A year ago, reigning world champion, Valentino Rossi, faced a similar question. The young Italian had not won a race in over two months since he won the Italian GP at Mugello. Though he finished first at the British GP, he was penalized 10 seconds...
A year ago, reigning world champion, Valentino Rossi, faced a similar question. The young Italian had not won a race in over two months since he won the Italian GP at Mugello. Though he finished first at the British GP, he was penalized 10 seconds for overtaking Loris Capirossi under a yellow flag, which relegated him to third. Rossi led the championship by 29 points, but had been beaten by Sete Gibernau four times, and most recently at the Sachsenring after making a mistake on the last turn that led to the start-finish line, which only added fire to the doubters. And doubters there were. The Italian press had a field day with Rossi, wondering if he had lost his "Midas" touch. But we already know what happened in 2003, Rossi answered the critics with a win at Brno, Estoril, Brazil, Malaysia, Australia and Valencia.
Brno, I remember clearly (and have re-played multiple times), was one of the most exciting races of the year. From the first lap it was a scrap until the end. Troy Bayliss led from the first lap, but his lead did not last long, as Gibernau and Rossi took their turn at it. The other co-stars were Capirossi and the "King of Brno", Max Biaggi. Biaggi crashed out of the race, and Capirossi retired with a mechanical with only a few laps to go. Brno is full of mid-size chicanes and very wide, which translates to lots of overtaking opportunities.
Before we attempt to answer our question, let's recap the 2004 season. At the end of 2003 (December 31st to be exact) Rossi left the mighty HRC tent and moved himself and his crew to the tuning-fork garage. To the untrained eye, Rossi's challenge began at South Africa, but the rest of us know it began at the end of January in Malaysia, when he rode Yamaha's M1 for the first time. Right of the bat, Rossi proved he was worth the reported $9 million per year Yamaha lured him with by lapping the Sepang circuit faster than any other Yamaha rider ever had. The Honda boys did not sit idle; Biaggi made the first move and looked to be the man to beat during the early stages of the pre-season. Rossi continued to gain speed, but his consistency was a mystery all the way until race day at South Africa. On April 18th, the Italian wrote history by becoming the first-ever premier-class rider to win back-to-back races on different machinery. But even Rossi admitted he rode like a man possessed and doubted he would be able to ride the Yamaha in that fashion week-in and week-out. So far the score was Rossi 1, HRC 0.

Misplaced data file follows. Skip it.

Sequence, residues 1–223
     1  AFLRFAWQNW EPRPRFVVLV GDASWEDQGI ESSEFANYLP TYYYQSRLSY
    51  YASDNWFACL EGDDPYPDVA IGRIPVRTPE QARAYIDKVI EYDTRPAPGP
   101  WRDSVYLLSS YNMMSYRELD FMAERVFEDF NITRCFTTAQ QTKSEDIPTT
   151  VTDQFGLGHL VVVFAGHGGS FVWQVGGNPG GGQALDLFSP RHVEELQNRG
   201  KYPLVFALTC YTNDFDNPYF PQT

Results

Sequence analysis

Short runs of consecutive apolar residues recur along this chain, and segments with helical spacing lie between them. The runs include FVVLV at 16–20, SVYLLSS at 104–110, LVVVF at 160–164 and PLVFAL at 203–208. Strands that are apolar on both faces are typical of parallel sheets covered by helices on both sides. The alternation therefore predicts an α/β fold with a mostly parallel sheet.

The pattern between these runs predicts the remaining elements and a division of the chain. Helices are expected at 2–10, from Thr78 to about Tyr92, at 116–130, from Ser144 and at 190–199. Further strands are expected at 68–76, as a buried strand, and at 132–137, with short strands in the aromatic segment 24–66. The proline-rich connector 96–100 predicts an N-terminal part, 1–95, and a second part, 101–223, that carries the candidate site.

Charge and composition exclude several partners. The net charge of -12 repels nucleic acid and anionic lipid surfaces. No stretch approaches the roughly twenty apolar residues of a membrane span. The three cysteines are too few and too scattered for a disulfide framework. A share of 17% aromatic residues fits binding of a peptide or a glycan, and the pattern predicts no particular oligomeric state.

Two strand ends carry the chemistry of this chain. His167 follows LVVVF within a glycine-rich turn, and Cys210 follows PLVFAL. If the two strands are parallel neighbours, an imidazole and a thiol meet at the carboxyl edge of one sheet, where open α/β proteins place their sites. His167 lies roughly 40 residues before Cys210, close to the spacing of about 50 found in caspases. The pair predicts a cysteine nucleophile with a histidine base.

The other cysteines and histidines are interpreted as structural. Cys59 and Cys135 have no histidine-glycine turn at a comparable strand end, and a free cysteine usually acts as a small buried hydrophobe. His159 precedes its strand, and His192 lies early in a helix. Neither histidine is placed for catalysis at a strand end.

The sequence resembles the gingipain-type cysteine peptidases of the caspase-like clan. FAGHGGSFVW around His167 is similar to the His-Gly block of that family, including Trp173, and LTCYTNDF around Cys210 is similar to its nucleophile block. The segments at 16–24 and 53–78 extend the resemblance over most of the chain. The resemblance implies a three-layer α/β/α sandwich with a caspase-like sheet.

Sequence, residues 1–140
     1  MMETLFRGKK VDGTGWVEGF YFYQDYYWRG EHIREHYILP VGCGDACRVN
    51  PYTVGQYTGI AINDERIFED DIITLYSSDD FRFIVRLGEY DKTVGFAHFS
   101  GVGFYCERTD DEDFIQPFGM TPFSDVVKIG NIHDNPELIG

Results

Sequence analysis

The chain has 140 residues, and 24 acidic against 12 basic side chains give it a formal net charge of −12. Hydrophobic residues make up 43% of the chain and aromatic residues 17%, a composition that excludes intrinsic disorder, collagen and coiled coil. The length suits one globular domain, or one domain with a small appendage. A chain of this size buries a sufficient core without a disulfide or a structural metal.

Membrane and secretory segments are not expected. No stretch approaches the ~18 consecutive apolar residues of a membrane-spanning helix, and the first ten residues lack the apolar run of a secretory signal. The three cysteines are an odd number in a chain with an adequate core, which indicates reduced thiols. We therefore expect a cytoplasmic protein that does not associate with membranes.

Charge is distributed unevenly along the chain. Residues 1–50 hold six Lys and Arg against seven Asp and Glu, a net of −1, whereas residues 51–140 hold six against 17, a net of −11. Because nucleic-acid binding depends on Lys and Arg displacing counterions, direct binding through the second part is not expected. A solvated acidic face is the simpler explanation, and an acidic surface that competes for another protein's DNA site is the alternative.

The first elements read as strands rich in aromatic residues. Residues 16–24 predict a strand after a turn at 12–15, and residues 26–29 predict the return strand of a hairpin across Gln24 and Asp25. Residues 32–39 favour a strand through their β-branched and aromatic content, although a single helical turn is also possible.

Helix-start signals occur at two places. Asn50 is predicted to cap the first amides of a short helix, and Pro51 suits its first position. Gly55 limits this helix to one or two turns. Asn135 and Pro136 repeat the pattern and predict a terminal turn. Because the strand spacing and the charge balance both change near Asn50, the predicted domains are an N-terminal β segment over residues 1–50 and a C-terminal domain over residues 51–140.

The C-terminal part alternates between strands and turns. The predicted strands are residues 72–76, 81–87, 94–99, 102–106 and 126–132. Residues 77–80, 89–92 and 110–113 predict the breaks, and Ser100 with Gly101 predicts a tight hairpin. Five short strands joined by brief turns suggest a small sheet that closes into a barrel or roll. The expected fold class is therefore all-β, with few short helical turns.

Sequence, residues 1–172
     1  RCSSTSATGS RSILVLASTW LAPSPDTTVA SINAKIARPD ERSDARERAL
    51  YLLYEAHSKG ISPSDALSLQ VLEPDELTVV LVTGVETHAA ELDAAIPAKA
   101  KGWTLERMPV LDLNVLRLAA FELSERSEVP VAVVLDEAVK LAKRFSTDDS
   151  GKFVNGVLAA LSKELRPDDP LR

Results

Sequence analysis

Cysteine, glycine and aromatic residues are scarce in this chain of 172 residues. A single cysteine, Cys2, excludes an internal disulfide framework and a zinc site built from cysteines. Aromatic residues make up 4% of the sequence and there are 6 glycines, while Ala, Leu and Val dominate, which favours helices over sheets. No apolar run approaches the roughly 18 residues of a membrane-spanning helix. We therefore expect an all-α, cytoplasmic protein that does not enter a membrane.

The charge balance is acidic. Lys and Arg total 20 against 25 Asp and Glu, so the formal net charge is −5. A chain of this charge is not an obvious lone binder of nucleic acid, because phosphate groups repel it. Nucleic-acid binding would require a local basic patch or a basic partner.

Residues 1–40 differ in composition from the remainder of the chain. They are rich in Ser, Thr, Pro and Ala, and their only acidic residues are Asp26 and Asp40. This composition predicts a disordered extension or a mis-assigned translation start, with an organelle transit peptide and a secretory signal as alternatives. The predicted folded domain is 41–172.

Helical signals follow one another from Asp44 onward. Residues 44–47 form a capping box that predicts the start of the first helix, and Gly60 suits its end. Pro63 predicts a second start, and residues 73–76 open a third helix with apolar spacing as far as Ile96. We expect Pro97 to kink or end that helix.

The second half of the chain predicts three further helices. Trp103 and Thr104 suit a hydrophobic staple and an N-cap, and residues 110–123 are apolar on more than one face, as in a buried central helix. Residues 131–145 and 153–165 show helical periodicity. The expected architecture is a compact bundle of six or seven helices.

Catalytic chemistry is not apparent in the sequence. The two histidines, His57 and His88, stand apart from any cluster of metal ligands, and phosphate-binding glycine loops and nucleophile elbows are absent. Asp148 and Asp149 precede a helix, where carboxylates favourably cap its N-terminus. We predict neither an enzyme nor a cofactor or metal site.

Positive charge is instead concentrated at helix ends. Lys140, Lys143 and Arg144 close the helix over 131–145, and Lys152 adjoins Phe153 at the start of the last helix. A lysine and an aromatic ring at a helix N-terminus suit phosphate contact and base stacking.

Two weeks later at Jerez, the weather would pull Rossi down to earth. Rossi took pole position for the race after rain washed away Saturday's qualifying. Race day was no different and the Yamaha's peaky-attitude showed its ugly face as it attempted to send Rossi to the moon while the Italian was under pressure from his HRC replacement, Alex Barros. Rossi soldiered off to a fourth place finish and Gibernau stamped his rain-mastery by taking the win, but now the world was well aware that Rossi was no God and the season would be difficult for the Italian superstar. Rossi 1, HRC 1.
Le Mans was the third race of the year. Both South Africa and Jerez were considered to be neutral tracks, but Le Mans was a Yamaha track, or so we thought. Confident after winning his sixth MotoGP of his career, Gibernau took pole position and Rossi qualified fourth, out of the first row. Unlike past French GPs, the weather was perfect. Yamaha's Achilles' ankle, rain, had held off. However, rain was not the only problem with the Yamaha; they also had braking-stability problems. Sunday was a disaster for Rossi, though the M1, on the hands of Carlos Checa, faired well. All Rossi could get was another fourth place finish, behind his archrival, Biaggi. Gibernau won his seventh MotoGP race and Checa finished second. Rossi 1, HRC 2.